Allowing customers to delay payments can be very harmful to your cash flow, and put you in a downward spiral. You will always be robbing yourself to pay your bills, and using the money when it finally comes in to catch up on other things.

8. Renegotiate vendor contracts. 

You may have gotten into a contract with your landlord, copy machine company, printer, etc. that seemed like a deal at the time, but has become too great an expense to maintain.  Rather than discontinuing the services, see if you can renegotiate the contracts. 

You may want to reduce the services you receive, you could ask for older equipment that is in good condition, you may also want to consider if you need as much space as you’re leasing. Things like this can add up and free up cash relatively quickly for your business.

9. Track your profit and loss diligently.

One of the fastest ways to lose money, is to take your eyes off of it. Having a spending plan for both your personal and business expenses is crucial to ensuring a healthy cash flow. 

Using tools like Quickbooks to monitor money coming in and out can help you identify areas where you may want to reduce spending and raise prices. Whatever accounting software you are using, you want to run reports to make wise decisions about your business finances.

10. Review/revise your billing schedule. 

If you bill your clients near the end of the month, but pay your employees, contractors and other vendors at the start of the month, you may need to adjust your schedules. This creates a situation in which you are spending money before you have it, thus reinforcing a cycle of negative cash flow.

11. Ask for deposits before providing services or goods. 

Getting money up front for services is a great way to boost cash. Deposits generally pay for setup fees, research and other associated costs to complete a project. Having a deposit structure for your services can ensure that you not only have cash immediately upon securing a new customer, but that you also have the cash available to begin the project.

12. Reduce your expenses. 

Reducing your spending can go a long way. In addition to renegotiating contracts, you can look at other business expenses that are costing you too much. It’s best to start with expenses that do not enhance your business or produce revenue.  We’re not saying to stop buying coffee for your employee break room, but maybe the expensive coffee shop scones every morning, can go.

13. Minimize your personal use of business revenue. 

First, it is important that you always have separate accounts for your business and your personal spending.  Swiping your business credit/debit card for personal expenses is a quick way to end up confused and stressed, especially during tax season.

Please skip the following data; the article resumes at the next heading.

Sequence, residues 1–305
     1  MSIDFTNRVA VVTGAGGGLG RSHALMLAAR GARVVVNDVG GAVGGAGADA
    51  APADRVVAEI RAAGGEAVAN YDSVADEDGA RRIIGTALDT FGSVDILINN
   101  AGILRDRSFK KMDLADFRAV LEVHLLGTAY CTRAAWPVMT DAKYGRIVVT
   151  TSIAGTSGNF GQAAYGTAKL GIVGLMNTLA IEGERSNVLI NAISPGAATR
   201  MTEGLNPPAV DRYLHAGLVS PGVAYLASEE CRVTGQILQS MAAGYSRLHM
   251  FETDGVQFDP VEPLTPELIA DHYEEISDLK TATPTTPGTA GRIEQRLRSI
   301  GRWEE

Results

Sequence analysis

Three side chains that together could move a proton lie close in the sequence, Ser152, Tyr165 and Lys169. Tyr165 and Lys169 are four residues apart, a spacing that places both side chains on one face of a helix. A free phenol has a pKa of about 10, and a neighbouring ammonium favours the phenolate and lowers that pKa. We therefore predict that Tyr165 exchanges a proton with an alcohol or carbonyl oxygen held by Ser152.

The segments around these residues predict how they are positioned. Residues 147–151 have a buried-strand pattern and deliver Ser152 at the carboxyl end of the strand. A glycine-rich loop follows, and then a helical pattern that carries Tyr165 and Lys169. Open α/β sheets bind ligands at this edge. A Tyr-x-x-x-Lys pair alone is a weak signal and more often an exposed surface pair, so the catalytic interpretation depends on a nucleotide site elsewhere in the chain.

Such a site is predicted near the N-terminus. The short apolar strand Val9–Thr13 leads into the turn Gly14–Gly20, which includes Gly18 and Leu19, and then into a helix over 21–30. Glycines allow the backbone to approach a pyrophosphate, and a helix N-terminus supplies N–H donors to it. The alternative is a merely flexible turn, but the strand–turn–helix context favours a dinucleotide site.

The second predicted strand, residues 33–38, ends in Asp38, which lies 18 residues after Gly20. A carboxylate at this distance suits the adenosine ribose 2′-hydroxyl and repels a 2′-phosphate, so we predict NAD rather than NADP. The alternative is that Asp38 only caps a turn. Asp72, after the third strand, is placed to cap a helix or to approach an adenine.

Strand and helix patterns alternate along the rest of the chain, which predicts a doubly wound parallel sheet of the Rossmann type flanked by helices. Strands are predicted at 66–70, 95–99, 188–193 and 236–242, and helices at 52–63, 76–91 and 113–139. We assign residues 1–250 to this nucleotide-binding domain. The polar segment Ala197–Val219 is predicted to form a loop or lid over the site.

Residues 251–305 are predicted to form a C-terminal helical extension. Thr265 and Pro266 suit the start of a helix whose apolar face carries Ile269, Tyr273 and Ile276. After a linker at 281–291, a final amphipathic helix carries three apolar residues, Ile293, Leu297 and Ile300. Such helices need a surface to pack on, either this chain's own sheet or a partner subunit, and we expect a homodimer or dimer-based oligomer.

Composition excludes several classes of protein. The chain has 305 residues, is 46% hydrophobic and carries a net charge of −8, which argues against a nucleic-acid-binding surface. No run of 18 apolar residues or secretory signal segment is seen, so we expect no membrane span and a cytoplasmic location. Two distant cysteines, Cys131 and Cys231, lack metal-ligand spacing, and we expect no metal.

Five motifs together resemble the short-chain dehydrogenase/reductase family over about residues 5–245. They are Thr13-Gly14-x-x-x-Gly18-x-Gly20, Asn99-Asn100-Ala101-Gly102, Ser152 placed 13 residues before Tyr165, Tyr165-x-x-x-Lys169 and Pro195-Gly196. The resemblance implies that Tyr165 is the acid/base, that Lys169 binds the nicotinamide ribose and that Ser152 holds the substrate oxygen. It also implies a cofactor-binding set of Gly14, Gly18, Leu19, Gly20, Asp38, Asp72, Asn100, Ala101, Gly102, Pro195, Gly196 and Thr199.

You want to pay yourself a salary, especially if you are a solo entrepreneur, in a way that is easy to track and manage. You can write checks to yourself, schedule automatic payments, or perform electronic transfers, however you do it, make sure it’s trackable. If you see that you are spending too much on personal expenses that are not servicing your business, reducing those costs can immediately give your business cash a lift.

14. Work with a professional to handle your finances. 

This is not a shameless plug for the benefits of accounting services, we promise.  However, it is important that even when using accounting software, you have a sound understanding of what your numbers are and what they mean. Lydia says this often, but it can’t be said enough, accounting software can be deceptively easy and can cause you to make many mistakes. Working with a professional, even if it’s only during tax season, or a few times a year can do wonders for the cash flow of your business. 


For help managing your business finances, check out our services page.  Desnoyers CPA, is an accounting firm that offers a wide range of services for business owners. Check out our monthly blog and join our mailing list to get more information for small business owners seeking experienced financial advice. 

Written by Desnoyers CPA

Desnoyers CPA

Known for her friendly, outgoing nature and her rare talent for financial foresight, Lydia Desnoyers has been serving individuals and small businesses in Florida since 2010. After earning her Master’s Degree in Accounting from Nova Southeastern University and her Bachelor’s Degree in Accounting from Florida State University, she became a Certified Public Accountant and a Certified Fraud Examiner.